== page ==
Hobby Master HA6210 US Navy Lockheed-Martin F-35C Lightning II Joint Strike Fighter - XE-100/168733, USS Abraham Lincoln (CVN-72), August 2022 [Chrome Reflective Coating] (1:72 Scale)
"The F-35 program executive officer, has stated that the 'F-35 enjoys a significant Combat Loss Exchange Ratio advantage over the current and future air-to-air threats, to include Sukhois, which are currently being flown by the Russian, Indian, and Chinese Air Forces.'"
- Maj Gen Charles R. Davis, USAF, the F-35 program executive officer
The Lockheed Martin F-35 Lightning II is a fifth-generation, single-seat, single-engine, stealth-capable military strike fighter, a multirole aircraft that can perform close air support, tactical bombing, and air superiority fighter missions. The F-35 has three different models; one is the conventional takeoff and landing variant, the second is short takeoff and vertical-landing variant, and the third is a carrier-based variant.
The F-35 is descended from the X-35, the product of the Joint Strike Fighter (JSF) program. Its development is being principally funded by the United States, with the United Kingdom, and other partner governments providing additional funding. It is being designed and built by an aerospace industry team led by Lockheed Martin with Northrop Grumman and BAE Systems as major partners. Demonstrator aircraft flew in 2000, with the first flight on December 15th, 2006.
The F-35C combines this unique capability of operating from a carrier deck with the unmatched 5th Generation capabilities of stealth, fused sensors and reliability, making the F-35C the Navy?s future first-day-of-the-war strike fighter.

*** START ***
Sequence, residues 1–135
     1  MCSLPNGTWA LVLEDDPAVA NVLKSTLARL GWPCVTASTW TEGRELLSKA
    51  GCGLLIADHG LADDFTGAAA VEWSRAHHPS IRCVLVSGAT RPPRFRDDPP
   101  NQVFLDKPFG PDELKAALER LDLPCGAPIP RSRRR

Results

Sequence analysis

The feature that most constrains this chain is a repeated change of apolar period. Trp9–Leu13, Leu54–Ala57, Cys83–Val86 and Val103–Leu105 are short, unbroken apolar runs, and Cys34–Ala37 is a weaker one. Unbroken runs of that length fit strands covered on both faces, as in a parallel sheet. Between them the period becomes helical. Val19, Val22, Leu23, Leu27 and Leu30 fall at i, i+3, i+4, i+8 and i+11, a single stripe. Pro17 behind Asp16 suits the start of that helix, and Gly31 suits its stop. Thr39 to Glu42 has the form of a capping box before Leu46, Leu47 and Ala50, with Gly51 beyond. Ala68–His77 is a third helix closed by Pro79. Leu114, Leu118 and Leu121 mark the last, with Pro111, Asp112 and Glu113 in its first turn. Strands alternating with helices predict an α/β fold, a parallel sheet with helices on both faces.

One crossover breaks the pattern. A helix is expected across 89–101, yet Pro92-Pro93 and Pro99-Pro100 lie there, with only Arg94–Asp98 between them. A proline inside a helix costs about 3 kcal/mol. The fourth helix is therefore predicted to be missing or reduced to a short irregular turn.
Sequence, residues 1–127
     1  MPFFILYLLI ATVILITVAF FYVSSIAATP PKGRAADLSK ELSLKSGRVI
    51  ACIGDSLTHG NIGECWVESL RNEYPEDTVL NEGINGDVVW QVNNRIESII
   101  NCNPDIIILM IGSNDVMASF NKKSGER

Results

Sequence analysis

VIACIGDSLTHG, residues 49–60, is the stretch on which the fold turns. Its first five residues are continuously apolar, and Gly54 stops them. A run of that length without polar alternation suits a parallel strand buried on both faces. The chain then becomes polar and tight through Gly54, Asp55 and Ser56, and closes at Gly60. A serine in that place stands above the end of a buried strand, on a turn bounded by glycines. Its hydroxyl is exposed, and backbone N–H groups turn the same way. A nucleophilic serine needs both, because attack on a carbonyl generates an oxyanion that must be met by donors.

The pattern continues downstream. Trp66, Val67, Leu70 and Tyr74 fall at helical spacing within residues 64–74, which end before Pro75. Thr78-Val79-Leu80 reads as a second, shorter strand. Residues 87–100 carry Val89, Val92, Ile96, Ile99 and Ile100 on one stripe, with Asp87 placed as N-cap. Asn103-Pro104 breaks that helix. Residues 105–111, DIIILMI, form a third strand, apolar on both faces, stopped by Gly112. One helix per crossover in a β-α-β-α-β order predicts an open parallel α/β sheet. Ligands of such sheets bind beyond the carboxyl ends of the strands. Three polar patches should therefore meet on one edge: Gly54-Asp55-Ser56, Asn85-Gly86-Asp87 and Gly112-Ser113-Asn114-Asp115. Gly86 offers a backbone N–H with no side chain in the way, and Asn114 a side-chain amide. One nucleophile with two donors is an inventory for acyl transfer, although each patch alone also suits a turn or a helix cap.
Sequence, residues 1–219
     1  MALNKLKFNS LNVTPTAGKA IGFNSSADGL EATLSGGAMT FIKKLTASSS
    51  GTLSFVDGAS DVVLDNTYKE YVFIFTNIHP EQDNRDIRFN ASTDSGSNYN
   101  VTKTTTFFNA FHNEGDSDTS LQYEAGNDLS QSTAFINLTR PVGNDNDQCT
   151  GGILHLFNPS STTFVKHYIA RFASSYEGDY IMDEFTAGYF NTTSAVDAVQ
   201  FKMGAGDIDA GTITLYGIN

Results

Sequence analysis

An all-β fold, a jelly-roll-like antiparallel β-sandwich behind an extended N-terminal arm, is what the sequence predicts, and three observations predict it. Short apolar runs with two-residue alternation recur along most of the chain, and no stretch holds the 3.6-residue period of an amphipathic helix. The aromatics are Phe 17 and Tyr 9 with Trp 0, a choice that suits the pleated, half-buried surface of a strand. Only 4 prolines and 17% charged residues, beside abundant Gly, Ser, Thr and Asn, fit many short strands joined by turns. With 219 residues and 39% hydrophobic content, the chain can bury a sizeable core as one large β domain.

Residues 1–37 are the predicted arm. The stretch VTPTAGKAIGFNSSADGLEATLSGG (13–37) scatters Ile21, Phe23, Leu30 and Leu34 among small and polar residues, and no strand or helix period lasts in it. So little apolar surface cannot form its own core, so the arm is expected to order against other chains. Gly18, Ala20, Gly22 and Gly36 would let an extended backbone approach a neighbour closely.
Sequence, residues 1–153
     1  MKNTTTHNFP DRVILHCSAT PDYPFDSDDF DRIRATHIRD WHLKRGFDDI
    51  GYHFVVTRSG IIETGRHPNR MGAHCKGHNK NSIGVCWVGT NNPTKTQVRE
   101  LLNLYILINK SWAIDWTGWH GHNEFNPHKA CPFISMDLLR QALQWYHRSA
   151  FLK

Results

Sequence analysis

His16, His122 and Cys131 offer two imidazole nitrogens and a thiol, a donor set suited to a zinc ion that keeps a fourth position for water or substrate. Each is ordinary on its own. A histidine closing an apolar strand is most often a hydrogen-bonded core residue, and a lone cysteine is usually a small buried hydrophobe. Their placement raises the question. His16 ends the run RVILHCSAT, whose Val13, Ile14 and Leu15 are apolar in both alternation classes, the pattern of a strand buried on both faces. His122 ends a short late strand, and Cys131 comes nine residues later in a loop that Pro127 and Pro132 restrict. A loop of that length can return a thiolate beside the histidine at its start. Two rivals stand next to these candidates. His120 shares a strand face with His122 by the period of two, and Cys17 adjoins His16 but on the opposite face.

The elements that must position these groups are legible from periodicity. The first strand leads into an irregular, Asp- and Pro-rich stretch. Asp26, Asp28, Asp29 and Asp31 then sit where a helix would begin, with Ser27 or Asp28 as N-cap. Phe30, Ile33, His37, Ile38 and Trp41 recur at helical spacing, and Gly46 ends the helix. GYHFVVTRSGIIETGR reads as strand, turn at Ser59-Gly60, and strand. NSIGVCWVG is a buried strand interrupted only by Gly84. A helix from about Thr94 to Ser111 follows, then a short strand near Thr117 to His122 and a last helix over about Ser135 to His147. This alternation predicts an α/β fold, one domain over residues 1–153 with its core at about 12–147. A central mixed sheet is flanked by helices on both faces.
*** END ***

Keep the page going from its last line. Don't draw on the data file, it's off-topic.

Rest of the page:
The Navy and Marines require an aircraft capable of overcoming a variety of threats - surface-to-air missiles, air-to-air missiles and tactical aircraft. By leveraging this potent combination of stealth, advanced jamming and threat system destruction, the F-35C enhances survivability and increases mission success rates.
The F-35C variant has larger wings and more robust landing gear than the other variants, making it suitable for catapult launches and fly-in arrestments aboard naval aircraft carriers. Its wingtips also fold to allow for more room on the carrier?s deck while deployed.
The F-35C also has the greatest internal fuel capacity of the three F-35 variants. The F-35C carries nearly 20,000 pounds of internal fuel for longer range and better persistence than any other fighter in a combat configuration. And, like the F-35B, the F-35C uses probe and drogue refueling. This allows the Navy to operate its carriers a safe distance from the threat while its fighters reach remote targets.
Pictured here is a 1:72 scale replica of a US Navy Lockheed-Martin F-35C Lightning II Joint Strike Fighter that is clad in a chrome reflective coating and embarked aboard the USS Abraham Lincoln (CVN-72) and undergoing aerial detection trials in 2022.
Release Date: ?
Historical Account: "Mirror, Mirror, On the Wall" - The sudden arrival of mirror-like coatings on all of America's stealthy tactical jets (F-22, F-35, F-117) definitely grabbed a lot of interest starting in late 2021 and appeared repeatedly through 2022 in various forms. But all the known instances of combat aircraft receiving these exotic treatments, which are thought to decrease the signature of the aircraft, most likely in the infrared spectrum, have been on examples flying for testing purposes, although the concept dates back decades. Now, one F-35C that was operating aboard the USS Abraham Lincoln off the California coast has appeared this week with similar coatings.
The photos of the jet in question were published by the Defense Department and show the F-35C doing a touch-and-go aboard the carrier. Two things are quite intriguing about the F-35C being shown. First is the multi-toned mirror-like treatment applied to the outside and inside of its vertical tails. The installations on each tail are made up of patches of dark and shiny sheet and tile-like coatings. Similar coating has been shown to change dramatically based on the angle of view, going from opaque to transparent, and in some cases, from shiny to dark, based on where the viewer is looking at it from. The upper wings also appear to have strips of the same roughly three types of coatings we have seen on other stealthy aircraft.